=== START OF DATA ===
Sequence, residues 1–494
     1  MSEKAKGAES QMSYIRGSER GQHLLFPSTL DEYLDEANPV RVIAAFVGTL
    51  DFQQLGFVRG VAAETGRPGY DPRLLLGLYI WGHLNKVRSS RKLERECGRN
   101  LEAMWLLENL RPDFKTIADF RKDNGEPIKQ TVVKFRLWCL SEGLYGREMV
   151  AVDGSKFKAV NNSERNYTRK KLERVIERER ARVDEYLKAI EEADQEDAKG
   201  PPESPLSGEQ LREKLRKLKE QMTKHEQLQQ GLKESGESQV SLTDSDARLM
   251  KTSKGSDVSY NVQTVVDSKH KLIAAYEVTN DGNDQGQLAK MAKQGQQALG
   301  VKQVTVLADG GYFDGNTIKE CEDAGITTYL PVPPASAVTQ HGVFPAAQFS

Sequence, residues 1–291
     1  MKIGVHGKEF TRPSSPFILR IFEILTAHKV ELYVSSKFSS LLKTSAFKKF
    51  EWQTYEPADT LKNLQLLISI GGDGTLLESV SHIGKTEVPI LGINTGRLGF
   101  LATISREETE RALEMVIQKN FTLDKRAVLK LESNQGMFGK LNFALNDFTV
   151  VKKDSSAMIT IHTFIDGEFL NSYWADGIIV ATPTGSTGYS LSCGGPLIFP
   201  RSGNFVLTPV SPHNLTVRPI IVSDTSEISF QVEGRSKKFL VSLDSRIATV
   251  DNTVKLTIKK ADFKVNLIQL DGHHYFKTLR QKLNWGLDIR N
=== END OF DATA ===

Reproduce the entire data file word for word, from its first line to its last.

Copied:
Sequence, residues 1–494
     1  MSEKAKGAES QMSYIRGSER GQHLLFPSTL DEYLDEANPV RVIAAFVGTL
    51  DFQQLGFVRG VAAETGRPGY DPRLLLGLYI WGHLNKVRSS RKLERECGRN
   101  LEAMWLLENL RPDFKTIADF RKDNGEPIKQ TVVKFRLWCL SEGLYGREMV
   151  AVDGSKFKAV NNSERNYTRK KLERVIERER ARVDEYLKAI EEADQEDAKG
   201  PPESPLSGEQ LREKLRKLKE QMTKHEQLQQ GLKESGESQV SLTDSDARLM
   251  KTSKGSDVSY NVQTVVDSKH KLIAAYEVTN DGNDQGQLAK MAKQGQQALG
   301  VKQVTVLADG GYFDGNTIKE CEDAGITTYL PVPPASAVTQ HGVFPAAQFS

Sequence, residues 1–291
     1  MKIGVHGKEF TRPSSPFILR IFEILTAHKV ELYVSSKFSS LLKTSAFKKF
    51  EWQTYEPADT LKNLQLLISI GGDGTLLESV SHIGKTEVPI LGINTGRLGF
   101  LATISREETE RALEMVIQKN FTLDKRAVLK LESNQGMFGK LNFALNDFTV
   151  VKKDSSAMIT IHTFIDGEFL NSYWADGIIV ATPTGSTGYS LSCGGPLIFP
   201  RSGNFVLTPV SPHNLTVRPI IVSDTSEISF QVEGRSKKFL VSLDSRIATV
   251  DNTVKLTIKK ADFKVNLIQL DGHHYFKTLR QKLNWGLDIR N